What a horrible day for me, for those of you that didn’t notice… Amazon had another outage in the East coast see Here for details. Well I can honestly say it was not a pleasurable day for myself, I had just got into the office about to get my first coffee of the day at 8:15 BST when we had a system down alert from our cloud product, Arse. For those that read my other Posts you’ll know I recommend coffee for any problem solving. However first things first, stabilise the situation, annoyingly I was so concerned about the box which I couldn’t become root on I didn’t do the simplest step and it took my boss to remind me I could just remove the affected server from the Apache load balancer, there for the service was affected for 14 mins, probably would have been 10 if I’d have had my coffee!.

Just as I stabilised the service, a colleague turned up for the day and mentioned that Amazon had some issues, turns out he found out by following other cloud based companies such as Heroku, Rightscale and Netflix, a good strategy to employ later. I of course started to prioritise my workload as any good sysadmin does, grab coffee, fix problem, rinse & repeat until desired results are obtained.

EBS Volumes missing

We have a number of EBS volumes, luckily only 1 of 130 was affected, but oh boy didn’t strage things happen. So for starters to gain root access to our box we had to restart it. When it came back up one of the disks wasn’t attached which was rather confusing trying to start tomcat to find that it was no longer there (we mount /var on an EBS volume).

We identified that we had to re-enable IO and as suggested fsck the disks, so this is probably where things went horribly wrong.

I tried using tune2fs to change the disk mount count above that which fsck kicks in to force a fsck on reboot, it turns out this wasn’t going to work, I’m not sure why but it didn’t seem to kick in. In the end we took the 3 volumes on this server and attached them to another server, from here we were able to check the disks and only 1 had some minor issues. we re-attached them back to the original node and hoped for the best…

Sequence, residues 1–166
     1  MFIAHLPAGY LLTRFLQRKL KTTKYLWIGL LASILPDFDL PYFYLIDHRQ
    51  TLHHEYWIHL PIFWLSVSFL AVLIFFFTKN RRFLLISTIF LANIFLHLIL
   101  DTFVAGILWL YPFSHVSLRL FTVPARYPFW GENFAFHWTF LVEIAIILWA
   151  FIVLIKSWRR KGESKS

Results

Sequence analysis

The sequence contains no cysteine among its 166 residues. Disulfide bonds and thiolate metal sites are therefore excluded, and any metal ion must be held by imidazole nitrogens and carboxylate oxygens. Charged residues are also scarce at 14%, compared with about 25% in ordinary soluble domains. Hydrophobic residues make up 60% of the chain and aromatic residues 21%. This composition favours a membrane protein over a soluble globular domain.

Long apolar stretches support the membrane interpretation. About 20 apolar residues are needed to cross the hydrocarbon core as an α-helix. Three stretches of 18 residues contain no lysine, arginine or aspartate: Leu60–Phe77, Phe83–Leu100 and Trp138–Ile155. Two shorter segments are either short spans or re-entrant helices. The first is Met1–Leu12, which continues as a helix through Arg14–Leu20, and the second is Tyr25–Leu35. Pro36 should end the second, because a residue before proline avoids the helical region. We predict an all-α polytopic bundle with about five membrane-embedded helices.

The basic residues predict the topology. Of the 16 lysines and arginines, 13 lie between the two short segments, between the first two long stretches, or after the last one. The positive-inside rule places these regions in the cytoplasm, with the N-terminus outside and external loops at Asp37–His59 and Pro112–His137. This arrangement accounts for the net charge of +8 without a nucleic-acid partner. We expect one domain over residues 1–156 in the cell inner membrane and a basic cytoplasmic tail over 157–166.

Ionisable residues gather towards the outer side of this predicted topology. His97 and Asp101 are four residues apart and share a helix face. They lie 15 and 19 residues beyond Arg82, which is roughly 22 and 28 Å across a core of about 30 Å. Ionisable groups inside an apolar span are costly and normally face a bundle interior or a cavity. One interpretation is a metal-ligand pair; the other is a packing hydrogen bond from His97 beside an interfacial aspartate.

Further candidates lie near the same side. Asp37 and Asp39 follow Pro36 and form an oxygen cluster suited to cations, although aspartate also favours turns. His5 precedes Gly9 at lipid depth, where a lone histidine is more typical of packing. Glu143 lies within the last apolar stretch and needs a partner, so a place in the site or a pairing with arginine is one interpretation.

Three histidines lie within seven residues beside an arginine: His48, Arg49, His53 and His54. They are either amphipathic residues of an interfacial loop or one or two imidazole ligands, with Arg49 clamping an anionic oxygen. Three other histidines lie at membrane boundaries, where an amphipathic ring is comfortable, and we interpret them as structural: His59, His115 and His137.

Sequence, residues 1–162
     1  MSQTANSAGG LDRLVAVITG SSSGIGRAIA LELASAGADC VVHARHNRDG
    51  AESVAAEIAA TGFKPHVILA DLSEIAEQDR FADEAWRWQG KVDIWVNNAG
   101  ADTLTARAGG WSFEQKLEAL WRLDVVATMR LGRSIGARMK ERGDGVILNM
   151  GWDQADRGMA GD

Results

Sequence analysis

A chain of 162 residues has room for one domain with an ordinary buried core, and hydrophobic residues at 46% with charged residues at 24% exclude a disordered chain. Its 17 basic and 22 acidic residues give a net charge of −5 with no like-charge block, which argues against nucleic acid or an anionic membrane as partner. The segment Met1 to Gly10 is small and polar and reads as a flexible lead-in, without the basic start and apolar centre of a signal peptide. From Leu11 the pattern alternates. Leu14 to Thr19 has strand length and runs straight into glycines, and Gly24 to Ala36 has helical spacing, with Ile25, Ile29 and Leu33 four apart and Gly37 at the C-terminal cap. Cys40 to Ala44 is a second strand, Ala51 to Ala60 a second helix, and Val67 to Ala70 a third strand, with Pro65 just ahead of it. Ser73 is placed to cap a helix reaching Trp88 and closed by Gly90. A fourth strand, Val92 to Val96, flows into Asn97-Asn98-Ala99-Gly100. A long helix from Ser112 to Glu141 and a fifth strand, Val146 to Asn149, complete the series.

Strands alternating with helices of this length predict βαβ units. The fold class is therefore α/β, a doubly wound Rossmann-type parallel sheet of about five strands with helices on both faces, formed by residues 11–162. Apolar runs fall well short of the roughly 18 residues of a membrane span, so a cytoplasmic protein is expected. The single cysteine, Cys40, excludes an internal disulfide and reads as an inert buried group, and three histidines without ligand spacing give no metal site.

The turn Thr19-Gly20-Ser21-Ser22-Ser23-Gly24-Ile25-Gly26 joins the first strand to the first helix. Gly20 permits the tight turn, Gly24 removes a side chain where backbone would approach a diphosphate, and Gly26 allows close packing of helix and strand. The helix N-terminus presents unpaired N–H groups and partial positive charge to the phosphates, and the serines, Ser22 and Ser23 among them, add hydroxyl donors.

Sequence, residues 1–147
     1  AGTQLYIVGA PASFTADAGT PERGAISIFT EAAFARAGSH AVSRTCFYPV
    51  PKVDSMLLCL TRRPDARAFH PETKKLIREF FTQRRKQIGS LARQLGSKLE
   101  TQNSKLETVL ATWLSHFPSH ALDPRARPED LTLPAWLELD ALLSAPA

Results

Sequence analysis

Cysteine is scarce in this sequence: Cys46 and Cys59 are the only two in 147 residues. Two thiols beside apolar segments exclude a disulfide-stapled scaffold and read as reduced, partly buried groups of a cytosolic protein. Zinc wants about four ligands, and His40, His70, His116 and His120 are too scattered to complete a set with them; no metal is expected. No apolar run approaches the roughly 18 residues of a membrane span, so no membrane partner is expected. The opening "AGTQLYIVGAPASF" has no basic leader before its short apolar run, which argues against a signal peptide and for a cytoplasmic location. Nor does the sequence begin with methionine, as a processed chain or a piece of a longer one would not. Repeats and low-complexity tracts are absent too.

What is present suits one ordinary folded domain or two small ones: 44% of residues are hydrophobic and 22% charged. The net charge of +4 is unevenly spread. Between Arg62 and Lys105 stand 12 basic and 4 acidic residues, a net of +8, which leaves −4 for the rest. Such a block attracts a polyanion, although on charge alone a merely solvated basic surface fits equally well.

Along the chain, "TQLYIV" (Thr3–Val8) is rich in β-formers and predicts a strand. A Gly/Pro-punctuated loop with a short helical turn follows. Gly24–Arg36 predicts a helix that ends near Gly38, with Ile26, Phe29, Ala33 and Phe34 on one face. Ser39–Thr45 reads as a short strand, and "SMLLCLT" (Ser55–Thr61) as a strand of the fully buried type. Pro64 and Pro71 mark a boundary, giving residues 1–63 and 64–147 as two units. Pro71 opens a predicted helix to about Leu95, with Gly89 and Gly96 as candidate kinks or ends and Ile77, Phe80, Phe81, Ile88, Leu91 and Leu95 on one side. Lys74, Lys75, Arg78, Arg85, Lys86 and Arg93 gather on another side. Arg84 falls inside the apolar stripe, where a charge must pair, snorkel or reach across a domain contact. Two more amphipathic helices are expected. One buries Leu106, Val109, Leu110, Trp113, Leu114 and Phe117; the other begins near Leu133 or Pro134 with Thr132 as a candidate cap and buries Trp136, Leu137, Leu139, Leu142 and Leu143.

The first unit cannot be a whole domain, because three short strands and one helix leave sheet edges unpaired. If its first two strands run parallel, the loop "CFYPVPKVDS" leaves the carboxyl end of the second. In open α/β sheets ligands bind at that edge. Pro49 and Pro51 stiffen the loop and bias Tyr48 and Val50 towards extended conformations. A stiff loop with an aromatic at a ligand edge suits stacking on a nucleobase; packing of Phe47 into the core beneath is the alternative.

So obviously it got worse

Now, those that have used AWS know that attaching disks can be challenging when in the API / console you tell a device to mount as /dev/sde to find it attaches as /dev/xvdi, as a result we are meticulous with our disk mount points and I ensured I mounted them in the same order on the same box. So surely turning it on would be okay. Not so much. Our box came up, it passed all of the Amazon checks, it is network available.

For some reason we were getting connection refused from ssh, this is odd. I logged tickets with Amazon’s support, this was pretty much a waste of time and effort. We spent a couple of hours discussing how it wouldn’t have been possible for an OS to change its own firewall rules until I resorted to mounting the root EBS volume for the server fsck’ing it and re-configuring iptables to allow any TCP connection. Guess what, it still didn’t respond.

Somewhere along the line this box has gone from unresponsive to working but missing a drive to totally buggered, not a good day. Luckily we are able to re-build a node and hook it back into to the clusters / load balancers, but why should we need to do that, in a traditional data centre I would have logged onto the console and just simple fixed the issue.


I have never liked the idea of cloud providers for running core services and have always felt they’d be better in a traditional hosted environment, it is definitely a good place to float an idea or to try something out but longer term DIY. I’m not saying AWS isn’t good, it has a purpose, bursting web traffic or bursting for stateless servers is one. Amazon do now have a console feature that if you had attached a key to the server you could use it to give you that local data centre type console. Unfortunately for us we do not deploy our Amazon boxes with any keys apart form user ones, maybe this is something we will review, more likely we will increase the automation of our environment so a server is just a thing and not a name.
We will be doing this and over the next few months I will start posting more details as we have it going, needless to say it is slightly bleeding edge and as a result is constantly in development.

Anyway, rant over, horrible day.